Creativity may pay off in study habits

Creativity may pay off in study habits

by Mandy Frohling

Finals are a hectic time for all students and faculty, but with preparation and time management, this time will fly by.

Although the library is a reliable source for resource materials and quiet study time, some students don’t respond well in this environment.

Senior Megan Hoxmeier, who is majoring in rhetoric and speech, prefers studying in a place with a TV or music.

“I might fall asleep if there is not a distraction,” said Hoxmeier.

Although this tactic works for Hoxmeier, Todd Little, director of the Hawley Academic Resource Center, says a student should eliminate distractions. Along with this goes studying in a regular place where study materials can be ready. Little suggests the library or a personal room.

“Personally, Carver Science Center’s atrium provides an ideal work area. There are people there with whom I can discuss my homework and the atmosphere is conducive to studying in that it is well lit and generally quiet,” said junior Miriah Johnson, who is majoring in biology and Spanish.

Little also suggests students manage time by prioritizing and starting studies a week before finals to be prepared. Instead of stressing out about finals, start studying now by testing over the material, participating in study groups, and break study times into intervals of twenty minutes.

Little also suggests to eat fresh fruit instead of junk food. Hoxmeier disagrees. She prefers a caffeine jolt for studying. “Food is distracting, but caffeine just keeps you going,” said Hoxmeier.

“I try not to snack while studying,” said junior Lacy Carroll, who is majoring in marketing. “If I need a break I try to go for a walk instead of eating. I don’t need the junior 15!”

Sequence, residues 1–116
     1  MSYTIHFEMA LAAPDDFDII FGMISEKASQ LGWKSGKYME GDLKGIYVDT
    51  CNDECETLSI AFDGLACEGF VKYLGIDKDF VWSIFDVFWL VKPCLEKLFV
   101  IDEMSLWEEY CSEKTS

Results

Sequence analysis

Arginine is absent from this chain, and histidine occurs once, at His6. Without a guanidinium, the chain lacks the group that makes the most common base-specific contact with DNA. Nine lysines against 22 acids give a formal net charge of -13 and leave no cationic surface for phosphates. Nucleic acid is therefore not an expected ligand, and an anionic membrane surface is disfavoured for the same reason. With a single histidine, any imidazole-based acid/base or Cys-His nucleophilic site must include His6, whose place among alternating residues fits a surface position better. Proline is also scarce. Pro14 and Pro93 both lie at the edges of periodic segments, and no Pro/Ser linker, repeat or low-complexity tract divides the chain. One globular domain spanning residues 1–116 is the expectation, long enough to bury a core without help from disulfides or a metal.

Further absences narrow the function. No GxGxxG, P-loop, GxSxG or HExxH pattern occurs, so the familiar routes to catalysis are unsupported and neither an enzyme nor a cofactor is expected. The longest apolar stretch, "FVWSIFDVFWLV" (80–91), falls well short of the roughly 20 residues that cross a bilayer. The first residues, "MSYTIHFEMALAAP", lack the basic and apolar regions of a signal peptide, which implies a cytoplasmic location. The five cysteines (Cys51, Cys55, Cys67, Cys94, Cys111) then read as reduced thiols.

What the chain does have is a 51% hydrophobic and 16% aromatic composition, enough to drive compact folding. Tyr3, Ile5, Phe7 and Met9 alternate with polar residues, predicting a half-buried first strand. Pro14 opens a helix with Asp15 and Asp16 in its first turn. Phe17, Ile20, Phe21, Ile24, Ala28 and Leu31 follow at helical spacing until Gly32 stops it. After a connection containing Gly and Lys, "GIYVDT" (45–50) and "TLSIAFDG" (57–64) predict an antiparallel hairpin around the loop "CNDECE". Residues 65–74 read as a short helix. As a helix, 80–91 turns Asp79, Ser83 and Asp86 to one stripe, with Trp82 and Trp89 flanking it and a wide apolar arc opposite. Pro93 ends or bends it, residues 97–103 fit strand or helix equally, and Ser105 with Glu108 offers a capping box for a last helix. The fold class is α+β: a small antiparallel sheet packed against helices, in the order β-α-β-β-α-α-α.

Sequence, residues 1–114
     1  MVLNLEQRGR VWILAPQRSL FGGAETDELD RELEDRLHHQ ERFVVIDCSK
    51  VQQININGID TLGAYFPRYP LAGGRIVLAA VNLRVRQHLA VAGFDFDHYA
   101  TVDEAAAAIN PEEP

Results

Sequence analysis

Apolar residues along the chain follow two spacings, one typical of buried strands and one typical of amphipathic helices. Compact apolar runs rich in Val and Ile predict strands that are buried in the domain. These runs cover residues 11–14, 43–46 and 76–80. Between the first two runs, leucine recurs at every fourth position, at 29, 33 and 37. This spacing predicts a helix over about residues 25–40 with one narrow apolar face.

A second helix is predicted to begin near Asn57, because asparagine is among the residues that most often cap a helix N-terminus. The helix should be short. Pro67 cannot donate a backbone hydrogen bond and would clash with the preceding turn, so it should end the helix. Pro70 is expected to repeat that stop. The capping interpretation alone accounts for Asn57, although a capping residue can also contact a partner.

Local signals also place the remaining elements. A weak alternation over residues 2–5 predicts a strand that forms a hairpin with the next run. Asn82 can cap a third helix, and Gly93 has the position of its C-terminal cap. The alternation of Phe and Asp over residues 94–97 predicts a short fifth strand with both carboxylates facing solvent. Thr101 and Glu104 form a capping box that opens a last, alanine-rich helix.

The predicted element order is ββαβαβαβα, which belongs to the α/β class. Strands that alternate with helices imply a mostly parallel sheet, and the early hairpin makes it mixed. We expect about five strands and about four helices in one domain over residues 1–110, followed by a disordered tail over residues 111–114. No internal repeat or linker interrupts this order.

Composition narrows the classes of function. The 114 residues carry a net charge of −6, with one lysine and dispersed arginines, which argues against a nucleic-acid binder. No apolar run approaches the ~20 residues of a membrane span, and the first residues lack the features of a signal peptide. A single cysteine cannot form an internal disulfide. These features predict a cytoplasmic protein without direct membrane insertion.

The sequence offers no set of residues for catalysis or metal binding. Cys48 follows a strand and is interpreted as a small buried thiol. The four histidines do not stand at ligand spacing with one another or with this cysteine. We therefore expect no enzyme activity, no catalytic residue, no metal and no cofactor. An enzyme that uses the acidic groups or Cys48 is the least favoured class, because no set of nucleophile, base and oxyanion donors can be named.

Hoxmeier is nervous for the week of finals. She tries to keep a positive attitude, review as much as possible and hope for the best.

According to Little, that’s not all students can do. Little says it is good to get a good night’s sleep before the exam, “but don’t over sleep,” he adds.

Sophomore Joelle Bourdeaux, who is majoring in music education, has a different outlook on sleep fitting into her finals schedule.”It’s all about the all-nighters,” she said.

Little also suggests to arrive early to get situated and relaxed before the exam. Also avoid negative attitudes by taking deep breaths.

Little says to get a feel for the physical attributes. These could be how tight the pencil is held, how comfortable the student is and the temperature of the room.

Little says that there is still time to get last-minute help from Hawley. They will do their best to arrange a time with a tutor for students in need. Also, Little will meet with individual students to discuss test strategies and how to overcome test anxiety.

Whether following Little’s advice for your finals study routine or by what seems to work best for you, good luck.